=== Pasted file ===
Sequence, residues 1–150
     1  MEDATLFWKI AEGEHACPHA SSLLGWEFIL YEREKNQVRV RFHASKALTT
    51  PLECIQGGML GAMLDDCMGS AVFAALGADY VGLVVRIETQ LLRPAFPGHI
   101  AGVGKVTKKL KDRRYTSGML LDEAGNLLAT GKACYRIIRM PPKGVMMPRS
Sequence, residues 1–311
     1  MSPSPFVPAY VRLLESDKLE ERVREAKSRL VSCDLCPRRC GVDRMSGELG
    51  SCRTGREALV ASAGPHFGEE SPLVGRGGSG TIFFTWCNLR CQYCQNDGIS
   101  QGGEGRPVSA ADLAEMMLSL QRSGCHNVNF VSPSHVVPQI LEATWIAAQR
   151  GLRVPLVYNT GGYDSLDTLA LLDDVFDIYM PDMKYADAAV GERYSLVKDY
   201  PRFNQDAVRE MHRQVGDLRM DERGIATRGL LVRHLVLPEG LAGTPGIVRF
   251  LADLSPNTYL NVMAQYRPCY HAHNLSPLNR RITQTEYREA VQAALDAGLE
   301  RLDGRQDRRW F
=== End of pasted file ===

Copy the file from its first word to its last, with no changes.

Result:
Sequence, residues 1–150
     1  MEDATLFWKI AEGEHACPHA SSLLGWEFIL YEREKNQVRV RFHASKALTT
    51  PLECIQGGML GAMLDDCMGS AVFAALGADY VGLVVRIETQ LLRPAFPGHI
   101  AGVGKVTKKL KDRRYTSGML LDEAGNLLAT GKACYRIIRM PPKGVMMPRS
Sequence, residues 1–311
     1  MSPSPFVPAY VRLLESDKLE ERVREAKSRL VSCDLCPRRC GVDRMSGELG
    51  SCRTGREALV ASAGPHFGEE SPLVGRGGSG TIFFTWCNLR CQYCQNDGIS
   101  QGGEGRPVSA ADLAEMMLSL QRSGCHNVNF VSPSHVVPQI LEATWIAAQR
   151  GLRVPLVYNT GGYDSLDTLA LLDDVFDIYM PDMKYADAAV GERYSLVKDY
   201  PRFNQDAVRE MHRQVGDLRM DERGIATRGL LVRHLVLPEG LAGTPGIVRF
   251  LADLSPNTYL NVMAQYRPCY HAHNLSPLNR RITQTEYREA VQAALDAGLE
   301  RLDGRQDRRW F